Reported transcript abundance for anthocyanin genes is not reproducible

We quantified transcript abundance of each homolog separately to examine their correlation across the three differently pigmented species (Fig. 1). We did not recover the same patterns of transcript abundance for anthocyanin synthesis genes as Fan et al. [9]. We find the depiction of transcript abundance in Fan et al. [9] to be slightly visually misleading, as each gene homolog is plotted individually with the Y-axis length normalised, which has the effect of under-emphasizing when genes have relatively low abundance. We therefore re-plotted all gene homologs on the same axis, to highlight that DFR cannot be detected in transcriptome assemblies of two of three species, and ANS expression in all three Hylocereus cultivars was negligible (RPKM < 2). In summary, from re-analysis of the transcript abundances of flavonoid and anthocyanin genes, we find no evidence to support the presence of a functional anthocyanin synthesis pathway in the fruits of Hylocereus, and no evidence of correlation with pigmentation in the fruit flesh (Table 1).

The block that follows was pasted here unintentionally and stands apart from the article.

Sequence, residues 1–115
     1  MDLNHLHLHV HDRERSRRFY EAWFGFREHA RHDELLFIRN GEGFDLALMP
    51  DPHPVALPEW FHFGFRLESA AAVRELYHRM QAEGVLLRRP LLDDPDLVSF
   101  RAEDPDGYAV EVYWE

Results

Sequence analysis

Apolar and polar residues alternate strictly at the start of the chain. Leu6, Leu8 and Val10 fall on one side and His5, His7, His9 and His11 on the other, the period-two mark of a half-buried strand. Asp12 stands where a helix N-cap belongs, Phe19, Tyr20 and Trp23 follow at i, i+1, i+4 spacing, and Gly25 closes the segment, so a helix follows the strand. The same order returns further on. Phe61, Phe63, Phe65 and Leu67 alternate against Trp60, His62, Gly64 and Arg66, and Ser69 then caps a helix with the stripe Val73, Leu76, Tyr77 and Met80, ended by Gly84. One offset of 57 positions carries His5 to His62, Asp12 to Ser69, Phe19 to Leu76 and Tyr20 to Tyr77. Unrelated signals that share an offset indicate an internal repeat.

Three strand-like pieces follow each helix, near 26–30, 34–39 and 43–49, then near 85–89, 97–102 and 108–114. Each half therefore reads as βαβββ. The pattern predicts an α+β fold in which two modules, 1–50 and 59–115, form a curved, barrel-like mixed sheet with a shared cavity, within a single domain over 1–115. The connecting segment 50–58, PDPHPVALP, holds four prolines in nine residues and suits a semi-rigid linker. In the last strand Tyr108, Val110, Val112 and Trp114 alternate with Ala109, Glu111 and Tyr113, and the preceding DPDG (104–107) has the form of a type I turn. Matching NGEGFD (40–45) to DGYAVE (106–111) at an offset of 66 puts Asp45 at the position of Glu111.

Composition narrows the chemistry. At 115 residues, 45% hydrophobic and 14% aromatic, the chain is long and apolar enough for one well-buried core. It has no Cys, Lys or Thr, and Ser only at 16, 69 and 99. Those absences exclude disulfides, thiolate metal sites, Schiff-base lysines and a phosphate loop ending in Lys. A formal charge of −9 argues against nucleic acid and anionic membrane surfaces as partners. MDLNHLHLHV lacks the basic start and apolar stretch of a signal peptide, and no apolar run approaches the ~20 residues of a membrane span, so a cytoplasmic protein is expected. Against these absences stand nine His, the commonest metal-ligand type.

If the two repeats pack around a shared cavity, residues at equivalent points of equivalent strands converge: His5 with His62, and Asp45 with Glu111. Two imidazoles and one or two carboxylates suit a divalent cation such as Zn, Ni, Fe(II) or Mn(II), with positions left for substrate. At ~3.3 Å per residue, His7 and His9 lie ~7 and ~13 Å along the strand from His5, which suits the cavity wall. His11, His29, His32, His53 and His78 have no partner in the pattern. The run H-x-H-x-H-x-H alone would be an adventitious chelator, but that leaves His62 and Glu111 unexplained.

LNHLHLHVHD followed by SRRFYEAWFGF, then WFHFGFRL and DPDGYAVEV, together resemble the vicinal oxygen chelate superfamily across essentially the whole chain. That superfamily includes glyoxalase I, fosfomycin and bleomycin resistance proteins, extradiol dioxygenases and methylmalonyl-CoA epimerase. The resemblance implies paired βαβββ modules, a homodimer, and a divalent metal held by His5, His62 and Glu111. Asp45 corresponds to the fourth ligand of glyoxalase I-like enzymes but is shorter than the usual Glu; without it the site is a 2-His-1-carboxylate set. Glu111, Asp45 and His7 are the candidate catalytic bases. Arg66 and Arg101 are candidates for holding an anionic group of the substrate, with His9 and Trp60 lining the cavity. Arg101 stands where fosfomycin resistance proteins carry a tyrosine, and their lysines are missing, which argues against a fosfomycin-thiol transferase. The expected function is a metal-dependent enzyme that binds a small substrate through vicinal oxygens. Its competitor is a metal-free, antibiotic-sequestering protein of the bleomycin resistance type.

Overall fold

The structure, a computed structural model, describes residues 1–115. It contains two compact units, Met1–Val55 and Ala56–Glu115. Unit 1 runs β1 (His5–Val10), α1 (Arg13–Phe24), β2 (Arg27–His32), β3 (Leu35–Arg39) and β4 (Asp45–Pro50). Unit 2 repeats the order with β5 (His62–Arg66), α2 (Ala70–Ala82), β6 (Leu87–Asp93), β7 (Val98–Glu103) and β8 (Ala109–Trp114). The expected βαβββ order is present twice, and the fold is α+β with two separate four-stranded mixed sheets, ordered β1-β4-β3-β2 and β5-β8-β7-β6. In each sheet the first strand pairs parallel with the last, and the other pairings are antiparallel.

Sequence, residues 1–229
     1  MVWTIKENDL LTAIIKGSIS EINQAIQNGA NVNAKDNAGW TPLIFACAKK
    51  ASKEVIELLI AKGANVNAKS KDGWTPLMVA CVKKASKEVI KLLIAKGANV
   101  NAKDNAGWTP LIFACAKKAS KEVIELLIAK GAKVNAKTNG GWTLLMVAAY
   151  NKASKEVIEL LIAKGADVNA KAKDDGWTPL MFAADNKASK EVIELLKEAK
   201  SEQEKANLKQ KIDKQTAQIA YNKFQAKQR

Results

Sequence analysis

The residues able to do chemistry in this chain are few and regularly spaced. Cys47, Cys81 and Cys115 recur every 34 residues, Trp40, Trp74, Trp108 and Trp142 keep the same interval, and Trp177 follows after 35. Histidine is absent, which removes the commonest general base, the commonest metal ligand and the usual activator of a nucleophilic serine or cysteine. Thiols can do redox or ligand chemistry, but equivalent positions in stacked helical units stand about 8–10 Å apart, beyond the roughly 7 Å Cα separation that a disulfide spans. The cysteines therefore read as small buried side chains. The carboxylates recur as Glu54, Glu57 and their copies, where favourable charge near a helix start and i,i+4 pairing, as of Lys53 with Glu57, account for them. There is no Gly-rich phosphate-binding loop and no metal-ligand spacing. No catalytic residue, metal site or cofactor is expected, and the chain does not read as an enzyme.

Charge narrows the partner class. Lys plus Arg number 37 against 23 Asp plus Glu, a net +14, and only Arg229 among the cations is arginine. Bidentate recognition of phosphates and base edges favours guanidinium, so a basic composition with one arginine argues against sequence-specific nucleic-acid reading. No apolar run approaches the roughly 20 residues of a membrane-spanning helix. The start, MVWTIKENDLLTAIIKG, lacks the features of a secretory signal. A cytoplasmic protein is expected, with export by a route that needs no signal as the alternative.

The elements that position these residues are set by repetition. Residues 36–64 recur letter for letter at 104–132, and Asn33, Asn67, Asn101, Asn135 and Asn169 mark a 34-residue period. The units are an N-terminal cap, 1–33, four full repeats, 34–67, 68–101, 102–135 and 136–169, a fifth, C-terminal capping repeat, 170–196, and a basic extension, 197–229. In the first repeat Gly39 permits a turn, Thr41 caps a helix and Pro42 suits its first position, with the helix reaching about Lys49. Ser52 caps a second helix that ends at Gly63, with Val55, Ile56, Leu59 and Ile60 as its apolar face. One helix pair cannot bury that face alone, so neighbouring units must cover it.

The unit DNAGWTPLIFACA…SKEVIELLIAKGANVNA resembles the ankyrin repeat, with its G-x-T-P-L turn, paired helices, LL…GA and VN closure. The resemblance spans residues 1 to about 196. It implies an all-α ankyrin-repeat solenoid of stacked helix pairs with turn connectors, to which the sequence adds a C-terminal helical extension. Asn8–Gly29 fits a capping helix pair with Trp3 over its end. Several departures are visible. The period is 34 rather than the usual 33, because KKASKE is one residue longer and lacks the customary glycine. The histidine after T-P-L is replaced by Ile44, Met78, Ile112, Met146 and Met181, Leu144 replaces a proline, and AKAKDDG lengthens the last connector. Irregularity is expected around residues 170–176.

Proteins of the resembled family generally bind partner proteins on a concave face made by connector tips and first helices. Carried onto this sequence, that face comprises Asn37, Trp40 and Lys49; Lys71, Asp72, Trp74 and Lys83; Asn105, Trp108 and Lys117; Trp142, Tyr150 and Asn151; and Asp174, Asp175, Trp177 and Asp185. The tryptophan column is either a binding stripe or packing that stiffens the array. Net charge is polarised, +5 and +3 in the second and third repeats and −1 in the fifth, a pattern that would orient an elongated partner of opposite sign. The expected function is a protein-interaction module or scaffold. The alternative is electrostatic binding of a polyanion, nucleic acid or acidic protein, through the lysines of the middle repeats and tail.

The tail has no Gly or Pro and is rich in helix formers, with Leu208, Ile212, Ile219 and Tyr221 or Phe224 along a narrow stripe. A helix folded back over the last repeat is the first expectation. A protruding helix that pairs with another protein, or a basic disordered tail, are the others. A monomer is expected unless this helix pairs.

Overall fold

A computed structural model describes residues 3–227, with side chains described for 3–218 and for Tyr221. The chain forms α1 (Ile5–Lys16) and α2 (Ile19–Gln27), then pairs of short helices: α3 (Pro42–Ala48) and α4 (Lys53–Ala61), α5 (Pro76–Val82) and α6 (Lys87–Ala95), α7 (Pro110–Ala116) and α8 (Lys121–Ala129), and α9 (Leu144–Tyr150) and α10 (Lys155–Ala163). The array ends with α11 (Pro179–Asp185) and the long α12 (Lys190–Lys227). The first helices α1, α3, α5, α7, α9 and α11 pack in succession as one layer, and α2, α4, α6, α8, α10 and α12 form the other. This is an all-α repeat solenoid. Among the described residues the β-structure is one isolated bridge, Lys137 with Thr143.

Fig. 1
figure 1

Transcript abundance on a gene set that includes all genes reported by Fan et al., [9] (and with the addition of PAL, 4CL and CHI) presented in Fig. 5 of Fan et al. [9] and additional genes of the flavonoid biosynthesis. F3’5’H and DFR (marked with an *) were not detected in the transcriptome assembly and are therefore considered as no expression detectable. Transcript abundances of multiple isoforms or homologs were summarized per step in the pathway

Table 1 Comparison of the de novo transcriptome assemblies. BR Hylocereus undatus Bai Rou, FR Hylocereus polyrhizus x undatus Fen Rou, DH Hylocereus polyrhizus Da Hong